Submitted to: Plant Physiology
Publication Type: Abstract Only
Publication Acceptance Date: 6/1/2005
Publication Date: 7/1/2005
Citation: Hacisalihoglu, G., Vallejos, E., Kochian, L.V. 2005. Shoot-based mechanisms required for tolerance to soil zn deficiency in bean (phaseolus vulgaris l.). Plant Physiology. p. 75. Interpretive Summary:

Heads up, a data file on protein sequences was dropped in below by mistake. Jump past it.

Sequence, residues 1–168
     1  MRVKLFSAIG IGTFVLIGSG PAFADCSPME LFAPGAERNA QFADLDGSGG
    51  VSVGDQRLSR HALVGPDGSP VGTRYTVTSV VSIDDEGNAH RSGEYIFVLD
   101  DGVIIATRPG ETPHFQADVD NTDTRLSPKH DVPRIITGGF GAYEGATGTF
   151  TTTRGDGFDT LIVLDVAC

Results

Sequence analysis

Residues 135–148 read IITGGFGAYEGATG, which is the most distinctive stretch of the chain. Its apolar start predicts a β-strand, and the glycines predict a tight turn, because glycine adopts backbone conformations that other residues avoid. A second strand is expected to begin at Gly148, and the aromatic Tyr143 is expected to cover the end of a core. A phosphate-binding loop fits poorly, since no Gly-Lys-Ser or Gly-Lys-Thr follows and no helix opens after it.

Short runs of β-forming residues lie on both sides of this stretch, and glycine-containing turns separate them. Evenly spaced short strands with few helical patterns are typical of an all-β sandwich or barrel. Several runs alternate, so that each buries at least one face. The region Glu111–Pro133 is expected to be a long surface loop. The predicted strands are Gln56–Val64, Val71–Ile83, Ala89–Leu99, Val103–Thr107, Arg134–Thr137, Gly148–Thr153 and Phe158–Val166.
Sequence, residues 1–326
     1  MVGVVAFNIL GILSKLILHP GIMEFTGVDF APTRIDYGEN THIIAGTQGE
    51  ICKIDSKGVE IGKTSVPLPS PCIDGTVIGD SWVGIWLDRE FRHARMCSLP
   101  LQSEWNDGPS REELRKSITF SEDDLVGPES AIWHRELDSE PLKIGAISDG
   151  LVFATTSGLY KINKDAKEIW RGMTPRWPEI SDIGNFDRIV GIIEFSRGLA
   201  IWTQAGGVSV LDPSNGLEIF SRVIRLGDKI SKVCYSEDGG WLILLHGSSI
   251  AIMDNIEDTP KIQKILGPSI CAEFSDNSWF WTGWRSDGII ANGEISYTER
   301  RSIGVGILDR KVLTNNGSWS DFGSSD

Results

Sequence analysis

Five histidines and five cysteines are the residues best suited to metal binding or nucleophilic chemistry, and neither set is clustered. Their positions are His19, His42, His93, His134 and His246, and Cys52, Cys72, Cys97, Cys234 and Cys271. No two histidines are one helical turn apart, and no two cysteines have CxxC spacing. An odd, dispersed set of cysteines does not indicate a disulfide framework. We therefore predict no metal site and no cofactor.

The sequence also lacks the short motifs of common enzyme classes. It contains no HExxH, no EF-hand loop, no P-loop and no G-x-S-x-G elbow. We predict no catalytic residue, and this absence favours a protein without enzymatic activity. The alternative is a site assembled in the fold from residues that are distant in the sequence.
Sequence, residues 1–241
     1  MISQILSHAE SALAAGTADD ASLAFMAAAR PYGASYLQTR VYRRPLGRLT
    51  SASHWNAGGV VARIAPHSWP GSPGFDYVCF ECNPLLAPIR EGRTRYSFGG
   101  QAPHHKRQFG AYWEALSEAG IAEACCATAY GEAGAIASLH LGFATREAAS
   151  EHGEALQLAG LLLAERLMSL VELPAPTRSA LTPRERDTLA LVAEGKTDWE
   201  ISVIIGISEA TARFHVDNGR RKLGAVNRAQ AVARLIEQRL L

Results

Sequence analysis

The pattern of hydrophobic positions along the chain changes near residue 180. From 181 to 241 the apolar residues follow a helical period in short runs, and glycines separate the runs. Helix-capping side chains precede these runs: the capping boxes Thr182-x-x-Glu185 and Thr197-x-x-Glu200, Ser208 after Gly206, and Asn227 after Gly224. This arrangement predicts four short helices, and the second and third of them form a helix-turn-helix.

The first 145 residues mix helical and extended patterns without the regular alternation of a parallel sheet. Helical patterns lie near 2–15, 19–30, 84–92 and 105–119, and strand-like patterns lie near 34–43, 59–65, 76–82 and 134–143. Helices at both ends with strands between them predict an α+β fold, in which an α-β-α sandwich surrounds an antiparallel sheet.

Technical Abstract: An important area in micronutrient research involves the understanding of genetics of physiological responses of bean (Phaseolus vulgaris L.) to zinc (Zn) deficiency stress in soils, which is a major global agronomic problem causing considerable losses in bean productivity and quality. Further, genetic variability in bean would facilitate the improvement of Zn efficiency (ZE), which is the ability of plants to maintain high yield under low-Zn. We have used improved hydroponics and soil-based screening methods to assess the genetic diversity of 51 bean genotypes collected from different parts of the world. In the greenhouse study, plants were grown in low-Zn soil or Zn-supplemented soil (control) for 45 days. Bean genotypes differed significantly in their growth response, thus their ZE. Under Zn deficiency, the genotypes G4449, G11360, G12778, and G753 excelled all other lines in ZE. Zinc concentrations of old and young parts of the shoot did not show any relationship with ZE. Further, seed Zn content variability did not significantly affect the ZE of genotypes. Results of this study provided evidence for the highly diverse nature of bean genome for Zn efficiency. Using Zn-efficient and Zn-inefficient bean genotypes, we have shown that shoot-based mechanisms, especially biochemical utilization of Zn in leaves are associated with ZE. Finally, our segregation analysis with an F2 population derived from efficient and inefficient parents suggested that ZE was controlled by a single dominant gene. We are attempting to use this soil-based screening method together with hydroponics to search for molecular markers linked bean Zn efficiency. Data will be presented concerning our current model for physiological and genetic mechanisms controlling Zn efficiency.